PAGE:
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Class-action lawsuit dismissed against LU hacker

Spencer Brydges reaches settlement with students, staff pursuing litigation
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A class-action lawsuit has been dismissed against a former Laurentian University student Spencer Brydges, who pleaded guilty in 2019 to mischief charges after he hacked into the school’s computer system.(Arron Pickard/Sudbury.com)

A class-action lawsuit has been dismissed against a former Laurentian University student who pleaded guilty in 2019 to mischief charges after he hacked into the school’s computer system.

LU computer science grad Spencer Brydges and the university were named in a class-action lawsuit filed on behalf of certain Laurentian students and staff members. The lawsuit stems from a 2017 data breach into the university’s computer network, a breach Brydges is alleged to have committed.

On May 5, it was announced the plaintiff and Brydges have reached a settlement.

“In consideration for Brydges' co-operation in the litigation against Laurentian, the action will be dismissed against Brydges,” said McKenzie Lake Lawyers LLP in a news release. 

More details of that settlement will be released, said McKenzie Lake Lawyers LLP.

The settlement has no impact on the lawsuit against Laurentian, which will continue to be litigated. 

McKenzie Lake Lawyers LLP said the proposed class action against Laurentian has not been certified to proceed as a class action, and the plaintiff's claims against Laurentian have not been evaluated on their merits.

Brydges was arrested and charged in 2017 with unauthorized use of a computer system, mischief to data and breach of probation after he hacked into the university’s computer network. https://www.sudbury.com/local-news/hacker-says-he-found-dozens-of-weaknesses-in-laurentians-security-683361

In January 2019, Brydges, pleaded guilty to an amended charge of mischief and a charge of breach of probation. He received a conditional discharge, one year of probation and was required to perform 25 hours of community service.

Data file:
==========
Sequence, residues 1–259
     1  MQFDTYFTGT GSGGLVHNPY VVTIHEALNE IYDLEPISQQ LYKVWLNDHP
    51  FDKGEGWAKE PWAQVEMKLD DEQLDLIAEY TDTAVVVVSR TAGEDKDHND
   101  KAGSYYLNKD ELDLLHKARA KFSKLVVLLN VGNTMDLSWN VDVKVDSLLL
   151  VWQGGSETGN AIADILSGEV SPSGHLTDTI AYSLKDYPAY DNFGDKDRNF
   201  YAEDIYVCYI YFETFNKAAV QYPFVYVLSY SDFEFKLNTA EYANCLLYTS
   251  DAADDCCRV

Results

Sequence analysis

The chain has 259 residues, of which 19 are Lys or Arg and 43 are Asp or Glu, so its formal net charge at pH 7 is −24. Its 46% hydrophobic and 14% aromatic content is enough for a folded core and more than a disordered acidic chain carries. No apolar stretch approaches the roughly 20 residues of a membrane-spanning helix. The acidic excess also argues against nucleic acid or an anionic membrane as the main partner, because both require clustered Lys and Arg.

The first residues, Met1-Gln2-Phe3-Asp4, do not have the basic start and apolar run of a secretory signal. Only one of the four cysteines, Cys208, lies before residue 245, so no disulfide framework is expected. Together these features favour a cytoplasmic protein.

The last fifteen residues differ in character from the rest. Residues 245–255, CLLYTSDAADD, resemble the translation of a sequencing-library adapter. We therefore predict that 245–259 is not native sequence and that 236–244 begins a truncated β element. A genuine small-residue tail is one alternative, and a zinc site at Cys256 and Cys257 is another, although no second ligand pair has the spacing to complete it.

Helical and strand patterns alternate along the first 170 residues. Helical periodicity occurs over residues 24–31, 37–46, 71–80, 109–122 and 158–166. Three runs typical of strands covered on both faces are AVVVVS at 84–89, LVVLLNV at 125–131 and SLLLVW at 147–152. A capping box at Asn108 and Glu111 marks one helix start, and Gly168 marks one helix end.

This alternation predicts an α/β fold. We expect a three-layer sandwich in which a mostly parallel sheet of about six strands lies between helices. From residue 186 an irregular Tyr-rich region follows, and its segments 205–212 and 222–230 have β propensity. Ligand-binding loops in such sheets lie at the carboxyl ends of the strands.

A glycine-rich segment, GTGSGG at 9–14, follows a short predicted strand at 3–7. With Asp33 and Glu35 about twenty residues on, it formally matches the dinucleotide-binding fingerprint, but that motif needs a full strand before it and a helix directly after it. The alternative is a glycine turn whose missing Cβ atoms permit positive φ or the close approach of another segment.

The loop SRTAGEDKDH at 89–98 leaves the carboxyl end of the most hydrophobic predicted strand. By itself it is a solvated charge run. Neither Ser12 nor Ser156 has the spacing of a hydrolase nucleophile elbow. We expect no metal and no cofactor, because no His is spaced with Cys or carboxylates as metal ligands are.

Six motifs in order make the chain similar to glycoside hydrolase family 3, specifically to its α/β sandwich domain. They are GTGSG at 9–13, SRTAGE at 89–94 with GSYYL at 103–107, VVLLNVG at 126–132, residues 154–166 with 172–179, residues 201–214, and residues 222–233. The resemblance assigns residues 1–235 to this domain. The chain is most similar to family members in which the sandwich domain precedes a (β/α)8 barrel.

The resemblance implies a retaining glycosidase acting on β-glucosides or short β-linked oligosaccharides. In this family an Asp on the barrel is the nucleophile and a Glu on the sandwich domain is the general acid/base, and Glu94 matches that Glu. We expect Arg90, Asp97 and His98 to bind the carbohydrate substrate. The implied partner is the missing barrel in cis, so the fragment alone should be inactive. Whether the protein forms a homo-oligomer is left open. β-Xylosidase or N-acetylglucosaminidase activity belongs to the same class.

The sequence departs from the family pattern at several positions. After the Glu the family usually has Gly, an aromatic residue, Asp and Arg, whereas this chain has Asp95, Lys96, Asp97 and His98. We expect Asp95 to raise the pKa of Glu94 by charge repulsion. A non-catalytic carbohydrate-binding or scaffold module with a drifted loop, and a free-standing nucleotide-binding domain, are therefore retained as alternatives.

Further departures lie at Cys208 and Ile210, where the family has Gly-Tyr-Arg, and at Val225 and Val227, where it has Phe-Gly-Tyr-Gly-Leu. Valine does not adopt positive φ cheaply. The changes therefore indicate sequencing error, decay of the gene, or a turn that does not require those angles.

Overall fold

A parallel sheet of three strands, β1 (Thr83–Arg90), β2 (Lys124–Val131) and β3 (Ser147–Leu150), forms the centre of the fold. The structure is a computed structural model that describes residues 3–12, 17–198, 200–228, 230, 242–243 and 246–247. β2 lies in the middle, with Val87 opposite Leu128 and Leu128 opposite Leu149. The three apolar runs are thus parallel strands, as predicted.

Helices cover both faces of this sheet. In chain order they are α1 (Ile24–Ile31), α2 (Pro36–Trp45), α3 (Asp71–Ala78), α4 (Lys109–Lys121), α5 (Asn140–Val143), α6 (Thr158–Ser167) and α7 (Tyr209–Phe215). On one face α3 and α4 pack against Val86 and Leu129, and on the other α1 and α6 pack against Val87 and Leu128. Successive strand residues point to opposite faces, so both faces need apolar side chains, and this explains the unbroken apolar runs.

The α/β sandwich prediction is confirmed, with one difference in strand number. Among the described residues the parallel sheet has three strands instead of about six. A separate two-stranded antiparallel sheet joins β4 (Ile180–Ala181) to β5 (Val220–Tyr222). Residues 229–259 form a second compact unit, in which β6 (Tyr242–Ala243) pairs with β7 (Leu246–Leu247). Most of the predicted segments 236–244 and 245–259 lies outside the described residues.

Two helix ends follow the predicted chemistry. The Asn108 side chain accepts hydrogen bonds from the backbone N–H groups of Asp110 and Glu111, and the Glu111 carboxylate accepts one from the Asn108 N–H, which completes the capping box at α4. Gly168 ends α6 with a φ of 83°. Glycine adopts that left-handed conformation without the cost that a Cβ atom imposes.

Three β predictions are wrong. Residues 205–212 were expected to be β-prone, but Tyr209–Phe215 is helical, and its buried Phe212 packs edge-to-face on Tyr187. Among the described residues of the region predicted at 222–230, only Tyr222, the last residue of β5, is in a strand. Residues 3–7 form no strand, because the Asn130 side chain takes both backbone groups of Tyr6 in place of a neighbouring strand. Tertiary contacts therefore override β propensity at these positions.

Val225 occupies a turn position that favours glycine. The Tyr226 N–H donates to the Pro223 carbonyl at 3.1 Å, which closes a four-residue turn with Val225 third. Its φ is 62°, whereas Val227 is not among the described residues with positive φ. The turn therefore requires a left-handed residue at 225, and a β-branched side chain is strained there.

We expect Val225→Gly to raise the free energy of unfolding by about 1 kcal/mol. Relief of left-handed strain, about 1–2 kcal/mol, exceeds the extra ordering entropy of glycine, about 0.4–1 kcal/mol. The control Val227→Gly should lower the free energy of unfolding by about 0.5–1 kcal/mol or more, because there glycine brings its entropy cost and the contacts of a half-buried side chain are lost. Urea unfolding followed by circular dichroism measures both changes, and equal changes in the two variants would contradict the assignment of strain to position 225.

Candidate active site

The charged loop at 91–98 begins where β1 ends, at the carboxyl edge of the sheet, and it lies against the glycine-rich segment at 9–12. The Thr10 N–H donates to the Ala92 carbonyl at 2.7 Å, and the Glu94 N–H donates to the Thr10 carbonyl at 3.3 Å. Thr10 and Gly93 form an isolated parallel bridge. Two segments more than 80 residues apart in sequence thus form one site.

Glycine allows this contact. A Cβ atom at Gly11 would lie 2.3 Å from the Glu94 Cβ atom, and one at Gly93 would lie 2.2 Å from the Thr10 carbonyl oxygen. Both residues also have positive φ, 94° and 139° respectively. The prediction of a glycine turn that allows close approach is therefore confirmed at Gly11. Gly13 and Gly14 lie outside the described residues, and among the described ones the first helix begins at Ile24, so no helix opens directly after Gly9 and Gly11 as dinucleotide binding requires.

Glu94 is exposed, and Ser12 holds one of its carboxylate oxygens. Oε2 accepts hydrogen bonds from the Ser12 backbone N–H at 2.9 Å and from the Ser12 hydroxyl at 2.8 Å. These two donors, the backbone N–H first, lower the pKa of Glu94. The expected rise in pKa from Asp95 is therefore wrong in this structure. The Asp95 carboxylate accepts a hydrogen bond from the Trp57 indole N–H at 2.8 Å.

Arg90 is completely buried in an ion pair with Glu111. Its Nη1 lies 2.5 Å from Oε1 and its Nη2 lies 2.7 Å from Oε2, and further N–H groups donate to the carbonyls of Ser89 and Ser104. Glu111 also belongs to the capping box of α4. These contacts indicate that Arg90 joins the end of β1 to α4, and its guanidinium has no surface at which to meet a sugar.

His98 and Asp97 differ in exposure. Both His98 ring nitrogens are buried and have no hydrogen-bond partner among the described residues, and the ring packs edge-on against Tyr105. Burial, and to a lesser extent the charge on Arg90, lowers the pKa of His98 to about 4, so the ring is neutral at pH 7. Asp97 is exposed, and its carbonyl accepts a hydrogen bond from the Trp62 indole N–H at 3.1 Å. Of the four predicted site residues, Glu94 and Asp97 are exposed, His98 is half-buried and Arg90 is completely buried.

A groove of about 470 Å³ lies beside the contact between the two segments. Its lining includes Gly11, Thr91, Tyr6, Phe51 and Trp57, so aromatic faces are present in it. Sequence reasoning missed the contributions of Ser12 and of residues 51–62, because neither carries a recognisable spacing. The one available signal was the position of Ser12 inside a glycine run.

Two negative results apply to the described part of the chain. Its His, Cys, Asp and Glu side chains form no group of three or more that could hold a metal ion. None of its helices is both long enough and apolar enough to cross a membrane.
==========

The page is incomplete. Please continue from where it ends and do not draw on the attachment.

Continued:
Brydges told Sudbury.com in August 2017 he had hacked into the system in hopes of pointing out what he called gaping holes in LU’s cyber security. Brydges said he didn’t cause any damage, nor did he install any malware or do anything malicious, and he advised the university of what he’d found in hopes the school would fix it.

From Jan. 23-25 of 2017, he went “as deep as I could into the system.” Brydges said he got “exceptionally far” and managed to uncover dozens of system vulnerabilities. He said he was able to access sensitive information like student social insurance numbers, addresses and banking information, and that there was no way for the university to determine if he’d downloaded any of that information.

He believes police were called when Laurentian realized how much information he was able to access.

Brydges said he wrote a report for the school on what he had done and what he had found. He made no effort to disguise his actions. He used his own computer and didn’t mask his IP address.

Six months later, in August 2017, police tactical officers used a battering ram to force open the door of his parents’ house, arrest him and seize his devices.

McKenzie Lake Lawyers LLP said anyone wishing to object to the terms of the proposed settlement with Brydges must do so by Oct. 9, 2020.